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    The problem is not the resturant per se, but the calibre of staff. There may also be some correllation to age/experience. It is my experience in general (and as usual there are always exceptions) that young people are poorly educated in etiquette, often fail to grasp the basic meaning of 'polite' and 'helpful'. You will find that often your waiting staff in these establishments are young people either on a gap year, doing a weekend/evening job while at college/Uni or the 'drop-outs' that left school without qualifications and needed to get a job pronto. Most of these young people don't care about service. They don't give a flying fig about their customers. They are more interested in sneaking food out of the kitchen or booze out of the bar than they are about whether or not their customers are happy. If you have good wait staff in these places it is either because they are trying to do an in-house promotion scheme to advance their career or there are some financial or other incentives. They want to do as little work as possible so naturally they will find other things to be doing rather than risk meeting the eye of a customer who may want them to do something more taxing than folding napkins. You will always find this in the 'high street' resturants because they are probably the largest employers of young people with little requirement for qualification or experience.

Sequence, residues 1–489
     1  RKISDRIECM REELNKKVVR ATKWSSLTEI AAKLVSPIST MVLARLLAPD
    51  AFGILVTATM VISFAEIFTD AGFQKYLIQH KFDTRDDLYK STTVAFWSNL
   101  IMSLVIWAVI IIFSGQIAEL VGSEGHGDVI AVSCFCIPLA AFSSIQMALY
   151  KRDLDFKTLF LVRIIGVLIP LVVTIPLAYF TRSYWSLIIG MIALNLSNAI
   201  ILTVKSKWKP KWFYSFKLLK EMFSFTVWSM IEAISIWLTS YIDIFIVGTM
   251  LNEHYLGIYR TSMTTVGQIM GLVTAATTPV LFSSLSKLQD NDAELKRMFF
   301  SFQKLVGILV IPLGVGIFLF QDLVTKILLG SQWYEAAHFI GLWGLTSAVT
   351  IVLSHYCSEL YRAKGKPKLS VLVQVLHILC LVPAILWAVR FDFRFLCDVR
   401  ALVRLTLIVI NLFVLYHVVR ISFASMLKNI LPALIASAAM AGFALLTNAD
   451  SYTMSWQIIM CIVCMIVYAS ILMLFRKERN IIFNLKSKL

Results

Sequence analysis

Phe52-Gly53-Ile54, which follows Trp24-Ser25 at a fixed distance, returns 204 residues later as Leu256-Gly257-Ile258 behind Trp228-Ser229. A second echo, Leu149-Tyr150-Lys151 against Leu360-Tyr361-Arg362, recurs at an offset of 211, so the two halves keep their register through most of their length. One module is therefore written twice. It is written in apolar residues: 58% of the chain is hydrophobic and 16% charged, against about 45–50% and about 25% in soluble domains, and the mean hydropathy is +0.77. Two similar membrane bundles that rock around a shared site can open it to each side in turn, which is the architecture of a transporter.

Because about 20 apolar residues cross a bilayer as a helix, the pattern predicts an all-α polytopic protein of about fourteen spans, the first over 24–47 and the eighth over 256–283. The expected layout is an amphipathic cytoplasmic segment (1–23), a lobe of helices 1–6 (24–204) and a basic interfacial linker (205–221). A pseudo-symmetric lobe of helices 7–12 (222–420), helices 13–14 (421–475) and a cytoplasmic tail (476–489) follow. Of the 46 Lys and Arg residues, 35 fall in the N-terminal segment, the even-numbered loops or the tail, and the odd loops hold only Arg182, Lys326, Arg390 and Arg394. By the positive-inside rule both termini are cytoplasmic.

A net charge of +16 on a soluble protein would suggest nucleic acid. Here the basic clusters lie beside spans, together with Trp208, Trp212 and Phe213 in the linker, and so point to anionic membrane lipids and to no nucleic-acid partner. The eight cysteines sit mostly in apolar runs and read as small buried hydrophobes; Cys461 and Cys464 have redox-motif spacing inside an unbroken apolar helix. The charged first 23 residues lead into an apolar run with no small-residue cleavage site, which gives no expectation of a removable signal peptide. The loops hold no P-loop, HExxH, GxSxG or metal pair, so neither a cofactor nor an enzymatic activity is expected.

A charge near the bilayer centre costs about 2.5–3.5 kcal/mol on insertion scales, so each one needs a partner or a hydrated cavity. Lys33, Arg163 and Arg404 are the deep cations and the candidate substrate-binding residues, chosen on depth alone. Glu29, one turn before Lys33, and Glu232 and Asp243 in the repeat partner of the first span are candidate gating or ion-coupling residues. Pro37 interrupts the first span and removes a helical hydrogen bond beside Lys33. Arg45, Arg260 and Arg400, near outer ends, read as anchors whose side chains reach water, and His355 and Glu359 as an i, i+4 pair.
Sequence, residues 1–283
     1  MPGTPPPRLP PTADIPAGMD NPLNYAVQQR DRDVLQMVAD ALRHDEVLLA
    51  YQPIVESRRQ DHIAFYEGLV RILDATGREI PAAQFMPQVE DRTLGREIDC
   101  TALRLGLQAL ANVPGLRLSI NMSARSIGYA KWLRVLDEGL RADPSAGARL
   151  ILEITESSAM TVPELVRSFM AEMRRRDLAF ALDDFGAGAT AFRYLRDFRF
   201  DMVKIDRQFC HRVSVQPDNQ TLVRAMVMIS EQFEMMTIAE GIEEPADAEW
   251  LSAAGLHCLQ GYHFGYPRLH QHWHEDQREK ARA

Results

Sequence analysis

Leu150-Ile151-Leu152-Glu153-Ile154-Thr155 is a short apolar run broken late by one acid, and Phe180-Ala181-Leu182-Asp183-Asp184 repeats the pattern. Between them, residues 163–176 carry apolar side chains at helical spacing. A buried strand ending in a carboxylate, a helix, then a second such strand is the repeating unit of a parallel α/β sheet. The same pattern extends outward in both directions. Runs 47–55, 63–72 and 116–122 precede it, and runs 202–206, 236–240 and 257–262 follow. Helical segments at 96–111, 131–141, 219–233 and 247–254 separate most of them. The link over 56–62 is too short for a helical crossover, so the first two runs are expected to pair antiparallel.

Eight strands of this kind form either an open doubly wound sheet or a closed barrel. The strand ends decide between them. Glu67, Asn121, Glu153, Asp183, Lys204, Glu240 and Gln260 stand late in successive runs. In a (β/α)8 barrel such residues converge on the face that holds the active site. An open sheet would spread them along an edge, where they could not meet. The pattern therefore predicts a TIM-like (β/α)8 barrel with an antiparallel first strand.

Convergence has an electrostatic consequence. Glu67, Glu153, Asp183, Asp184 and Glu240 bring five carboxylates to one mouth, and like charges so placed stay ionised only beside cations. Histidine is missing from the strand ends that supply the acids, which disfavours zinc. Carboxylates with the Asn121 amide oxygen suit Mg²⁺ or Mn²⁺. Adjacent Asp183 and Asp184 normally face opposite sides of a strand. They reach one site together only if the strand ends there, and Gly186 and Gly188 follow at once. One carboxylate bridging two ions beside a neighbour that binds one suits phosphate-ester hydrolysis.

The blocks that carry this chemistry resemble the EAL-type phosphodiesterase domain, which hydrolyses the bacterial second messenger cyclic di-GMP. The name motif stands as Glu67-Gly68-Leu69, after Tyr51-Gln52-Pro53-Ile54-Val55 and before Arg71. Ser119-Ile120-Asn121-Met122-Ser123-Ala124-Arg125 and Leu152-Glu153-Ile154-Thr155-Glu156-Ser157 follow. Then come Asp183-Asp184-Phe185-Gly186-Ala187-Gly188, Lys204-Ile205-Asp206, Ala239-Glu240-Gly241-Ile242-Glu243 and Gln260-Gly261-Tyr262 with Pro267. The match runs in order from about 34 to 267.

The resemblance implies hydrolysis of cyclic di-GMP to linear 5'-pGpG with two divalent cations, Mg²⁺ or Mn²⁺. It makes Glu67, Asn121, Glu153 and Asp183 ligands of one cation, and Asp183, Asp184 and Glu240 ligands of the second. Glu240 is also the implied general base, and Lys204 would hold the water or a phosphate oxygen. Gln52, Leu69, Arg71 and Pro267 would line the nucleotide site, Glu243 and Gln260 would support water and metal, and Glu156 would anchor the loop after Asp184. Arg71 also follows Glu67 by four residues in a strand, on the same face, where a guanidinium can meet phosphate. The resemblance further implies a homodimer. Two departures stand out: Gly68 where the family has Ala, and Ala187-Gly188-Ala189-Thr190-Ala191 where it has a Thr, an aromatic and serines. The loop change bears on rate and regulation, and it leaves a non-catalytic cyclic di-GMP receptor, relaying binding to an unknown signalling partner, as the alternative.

The failure here is our failure as a society to instill the basic values of customer service into our young people. There will be some you encounter that have the right attitude, but for every one that does, there are 50 that don't.

    Higher end resturants tend to want experience, although then we get into the snobbery aspect but thats another thread entirely.

  7. #22

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    Yeah, and there's a reason for it. Kids just have no respect any more! I'm only 24 myself so feel a bit weird saying that but unfortunately it seems true for a lot of them, polite teens are few and far between. They forget about you because they just don't care about their jobs.